A tearing resistance curve, or R-curve, represents a material's resistance to progressive crack extension (this implies that a material's fracture toughness can change with crack extension). Hence, a tearing resistance curve is a plot of fracture toughness against crack extension (e.g.: J vs Δa or CTOD vs Δa, where Δa is crack extension (see FAQ: What is a fracture toughness test?). An example is shown below.
Tearing resistance curves are only of use if a material exhibits stable tearing behaviour, and cannot be generated beyond the onset of a brittle fracture event. Stable tearing in metals occurs predominantly by the process of microvoid coalescence. In this process, material within the crack tip plastic zone deforms plastically, forming microvoids ahead of the crack tip. Linking of these voids with the crack tip results in crack extension.
In many ductile, work hardening materials, the size of the plastic zone at the crack tip increases as the crack extends. Hence, each successive unit of crack extension requires more energy than the preceding unit of extension (i.e.in order to further increase the plastic zone size). Thus, the resistance of the material to crack extension increases with crack extension. This type of behaviour is known as a 'rising R-curve'. Of course, there is a limit to this increase in toughness, and hence all R-curves eventually flatten off.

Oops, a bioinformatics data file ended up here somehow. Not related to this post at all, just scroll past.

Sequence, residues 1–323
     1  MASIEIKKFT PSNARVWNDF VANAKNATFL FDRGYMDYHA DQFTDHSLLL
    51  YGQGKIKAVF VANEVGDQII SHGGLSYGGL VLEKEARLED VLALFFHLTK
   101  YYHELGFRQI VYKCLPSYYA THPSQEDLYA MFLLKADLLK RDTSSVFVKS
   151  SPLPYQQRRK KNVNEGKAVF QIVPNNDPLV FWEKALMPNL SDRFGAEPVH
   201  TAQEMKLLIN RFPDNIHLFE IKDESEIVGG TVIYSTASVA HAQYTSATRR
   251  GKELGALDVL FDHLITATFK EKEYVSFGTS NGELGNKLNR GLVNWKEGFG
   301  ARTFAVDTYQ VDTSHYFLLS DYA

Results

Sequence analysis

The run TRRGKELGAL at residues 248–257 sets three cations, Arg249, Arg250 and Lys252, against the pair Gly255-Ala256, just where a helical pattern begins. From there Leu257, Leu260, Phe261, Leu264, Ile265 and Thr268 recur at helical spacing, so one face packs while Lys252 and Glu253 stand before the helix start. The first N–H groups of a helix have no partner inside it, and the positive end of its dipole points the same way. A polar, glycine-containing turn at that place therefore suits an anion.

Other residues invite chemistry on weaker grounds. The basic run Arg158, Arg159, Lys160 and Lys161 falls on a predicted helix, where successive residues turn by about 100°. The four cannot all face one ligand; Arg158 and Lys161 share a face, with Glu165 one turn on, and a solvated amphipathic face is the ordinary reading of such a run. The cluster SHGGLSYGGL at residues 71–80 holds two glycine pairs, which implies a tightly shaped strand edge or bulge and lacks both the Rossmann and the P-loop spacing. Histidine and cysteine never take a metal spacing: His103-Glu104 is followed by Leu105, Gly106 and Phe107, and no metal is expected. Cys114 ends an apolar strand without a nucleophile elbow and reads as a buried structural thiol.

Standards for tearing resistance curves include BS 7448 Part 4 and ASTM E1820 (see FAQ: Are there any differences between fracture toughness tests carried out to BS 7448 and those using ASTM E1820?). Data that can be generated from a tearing resistance curve include:
- the equation for the entire resistance curve (typically in the form of an offset power law, e.g. J = m + l (Δa)x,
- the value of J or CTOD at initiation of stable ductile tearing (δ0.2BL, J0.2BL)
- the value of J or CTOD at maximum load (δm, Jm)